New research finds that 74% of millennial parents practice gentle parenting

Gentle parenting has been widely adopted by millennial parents. Picture: File

Gentle parenting has been widely adopted by millennial parents. Picture: File

Published Feb 26, 2024


Over the decades, different parenting styles have emerged.

Some make use of verbal threats and forms of physical discipline when dealing with their children, but others prefer positive reinforcement and open communication over spanking and scolding.

These sentiments were validated by a recent study conducted by the Lurie Children’s Hospital in Chicago in the US.

The health institution’s report found a whopping 74% of millennial parents practise gentle parenting.

Gentle parenting is all about gently guiding children through the decision-making process, instead of threatening or punishing them.

The same report found that despite gentle parenting receiving mixed reviews, 73% of the researcher’s millennial parent participants said that they believed that they were doing a better job at raising children compared to previous generations.

The millennial age demographic are those born from 1980 – 1995, a generation which reached adulthood in the early 21st century and have been shaped by the technological revolution.

And according to the research, nearly nine out of 10 millennial respondents said that their parenting style was different to how they were raised.

Their parents form part of the Baby Boomer and Gen X generations, who were parents of young children during a time when the world was somewhat different.

There wasn't as much technology at your fingertips, the globe’s financial conditions were different and educational opportunities were not as widely available.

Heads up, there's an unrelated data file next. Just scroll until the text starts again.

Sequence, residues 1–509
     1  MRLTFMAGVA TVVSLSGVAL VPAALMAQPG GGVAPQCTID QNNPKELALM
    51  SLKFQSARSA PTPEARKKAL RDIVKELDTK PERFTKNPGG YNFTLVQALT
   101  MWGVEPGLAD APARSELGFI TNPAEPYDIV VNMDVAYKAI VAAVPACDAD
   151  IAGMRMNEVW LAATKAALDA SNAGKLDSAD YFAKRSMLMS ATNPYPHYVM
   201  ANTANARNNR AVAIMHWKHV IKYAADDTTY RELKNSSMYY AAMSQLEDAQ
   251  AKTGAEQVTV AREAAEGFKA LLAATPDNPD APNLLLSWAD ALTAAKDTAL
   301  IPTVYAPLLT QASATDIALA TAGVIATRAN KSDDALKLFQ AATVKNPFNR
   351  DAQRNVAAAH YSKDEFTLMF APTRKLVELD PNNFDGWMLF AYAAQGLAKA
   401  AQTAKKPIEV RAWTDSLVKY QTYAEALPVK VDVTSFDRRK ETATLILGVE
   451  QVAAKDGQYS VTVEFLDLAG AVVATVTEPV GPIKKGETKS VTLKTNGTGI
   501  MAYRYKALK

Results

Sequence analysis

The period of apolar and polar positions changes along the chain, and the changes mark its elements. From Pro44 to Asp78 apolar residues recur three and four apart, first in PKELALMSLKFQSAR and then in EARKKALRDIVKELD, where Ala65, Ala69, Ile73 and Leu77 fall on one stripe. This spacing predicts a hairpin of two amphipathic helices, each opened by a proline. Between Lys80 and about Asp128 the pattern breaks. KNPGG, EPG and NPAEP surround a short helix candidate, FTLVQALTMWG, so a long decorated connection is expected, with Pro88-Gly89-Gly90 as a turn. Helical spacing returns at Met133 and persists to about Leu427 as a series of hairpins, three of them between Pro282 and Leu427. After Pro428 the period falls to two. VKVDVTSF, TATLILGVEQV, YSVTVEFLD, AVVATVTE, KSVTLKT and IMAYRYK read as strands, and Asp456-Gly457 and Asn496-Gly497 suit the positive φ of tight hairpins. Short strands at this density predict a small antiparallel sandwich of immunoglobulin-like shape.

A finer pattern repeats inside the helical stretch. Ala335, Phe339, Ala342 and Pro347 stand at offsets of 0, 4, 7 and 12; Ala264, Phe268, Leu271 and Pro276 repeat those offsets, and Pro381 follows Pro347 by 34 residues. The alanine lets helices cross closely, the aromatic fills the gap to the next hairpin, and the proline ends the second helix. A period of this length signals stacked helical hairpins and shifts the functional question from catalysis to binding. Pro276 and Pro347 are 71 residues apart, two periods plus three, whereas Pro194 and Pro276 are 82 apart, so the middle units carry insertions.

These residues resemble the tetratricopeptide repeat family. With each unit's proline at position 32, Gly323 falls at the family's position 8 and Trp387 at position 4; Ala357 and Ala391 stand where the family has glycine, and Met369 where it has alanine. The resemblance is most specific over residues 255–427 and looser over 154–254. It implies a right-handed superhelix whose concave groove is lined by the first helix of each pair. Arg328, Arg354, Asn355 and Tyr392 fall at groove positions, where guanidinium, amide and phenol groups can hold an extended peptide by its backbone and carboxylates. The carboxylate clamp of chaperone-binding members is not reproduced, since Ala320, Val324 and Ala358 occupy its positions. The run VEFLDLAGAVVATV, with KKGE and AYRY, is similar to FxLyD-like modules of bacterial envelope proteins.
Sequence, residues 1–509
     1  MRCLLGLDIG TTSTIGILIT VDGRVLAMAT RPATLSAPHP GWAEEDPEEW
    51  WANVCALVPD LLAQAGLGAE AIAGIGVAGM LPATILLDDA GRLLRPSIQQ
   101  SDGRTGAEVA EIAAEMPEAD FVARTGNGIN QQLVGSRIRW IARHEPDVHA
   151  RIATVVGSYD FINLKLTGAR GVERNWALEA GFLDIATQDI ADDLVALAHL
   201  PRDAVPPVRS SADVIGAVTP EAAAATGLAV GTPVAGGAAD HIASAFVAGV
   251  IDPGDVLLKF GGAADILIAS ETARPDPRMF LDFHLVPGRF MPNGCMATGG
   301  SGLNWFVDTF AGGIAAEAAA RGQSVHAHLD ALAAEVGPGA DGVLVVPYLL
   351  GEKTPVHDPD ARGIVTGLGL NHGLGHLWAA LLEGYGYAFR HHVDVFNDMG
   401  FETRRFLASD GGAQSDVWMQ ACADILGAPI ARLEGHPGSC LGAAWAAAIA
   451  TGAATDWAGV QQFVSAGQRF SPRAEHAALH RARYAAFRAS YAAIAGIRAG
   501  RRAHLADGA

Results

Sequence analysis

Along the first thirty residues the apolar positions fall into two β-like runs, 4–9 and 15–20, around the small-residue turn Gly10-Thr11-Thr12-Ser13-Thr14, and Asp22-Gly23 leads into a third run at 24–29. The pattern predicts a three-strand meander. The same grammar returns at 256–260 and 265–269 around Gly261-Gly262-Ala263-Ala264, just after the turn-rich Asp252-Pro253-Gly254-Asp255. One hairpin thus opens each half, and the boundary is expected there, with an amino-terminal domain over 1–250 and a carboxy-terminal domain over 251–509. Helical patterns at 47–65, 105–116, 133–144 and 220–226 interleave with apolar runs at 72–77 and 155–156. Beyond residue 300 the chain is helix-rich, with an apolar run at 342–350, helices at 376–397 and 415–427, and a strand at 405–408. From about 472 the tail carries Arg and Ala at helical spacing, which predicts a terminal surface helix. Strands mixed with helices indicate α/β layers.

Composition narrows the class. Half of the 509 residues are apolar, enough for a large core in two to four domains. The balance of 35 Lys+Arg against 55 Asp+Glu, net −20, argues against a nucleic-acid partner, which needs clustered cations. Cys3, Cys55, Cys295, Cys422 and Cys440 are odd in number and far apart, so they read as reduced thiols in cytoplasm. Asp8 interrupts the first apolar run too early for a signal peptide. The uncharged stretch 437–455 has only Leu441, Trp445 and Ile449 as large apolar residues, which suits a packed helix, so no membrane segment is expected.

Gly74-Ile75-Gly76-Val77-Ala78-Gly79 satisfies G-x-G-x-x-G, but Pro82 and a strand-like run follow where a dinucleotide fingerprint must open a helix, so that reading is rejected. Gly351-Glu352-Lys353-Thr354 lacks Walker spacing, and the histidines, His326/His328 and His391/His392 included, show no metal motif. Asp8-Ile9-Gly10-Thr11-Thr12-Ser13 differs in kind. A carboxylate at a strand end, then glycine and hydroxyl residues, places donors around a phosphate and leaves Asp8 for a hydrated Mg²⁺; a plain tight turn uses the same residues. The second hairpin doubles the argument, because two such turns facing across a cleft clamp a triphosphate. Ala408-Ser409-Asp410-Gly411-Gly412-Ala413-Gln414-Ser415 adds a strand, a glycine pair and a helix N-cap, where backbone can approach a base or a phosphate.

Parenting in the digital era. Picture: Andrea Piacquadio/Pexels

And it appears that not everyone from previous generations agree with the concept of gentle parenting.

One in three of the millennial research respondents said that their family members questioned their parenting methods.

But the Lurie Children’s Hospital study found that the millennial cohort was more open to communication with their children.

The research also found that they placed a greater emphasis on emotional intelligence and more flexible parenting styles.

Another notable research finding was that 98% of millennial parents talk to their children about mental health, a condition that they widely prioritise.

In addition, 47% of the respondents said that they had a child with anxiety and 12% of them had a child who was receiving therapy.

And while access to information appears to benefit modern parenting styles, misinformation poses a significant challenge.

A quarter of millennial parents who were part of the research admitted to seeking parenting advice from social media influencers, with one in four failing to verify the accuracy of such information.

This phenomenon was something that the previous generations were unable to do, due to technological constraints.

But the research also points to the fact that when millennials were children, their Baby Boomer and Gen X parents were not inundated with the scale of information today’s parents have access to.

This meant that parents from previous cohorts did not have to contend with misinformation on the same level.

As society continues to evolve, the way children are raised is expected to continue to change.

Technology will continue to be one of the biggest drivers of this change as economic conditions and educational opportunities are also expected to evolve.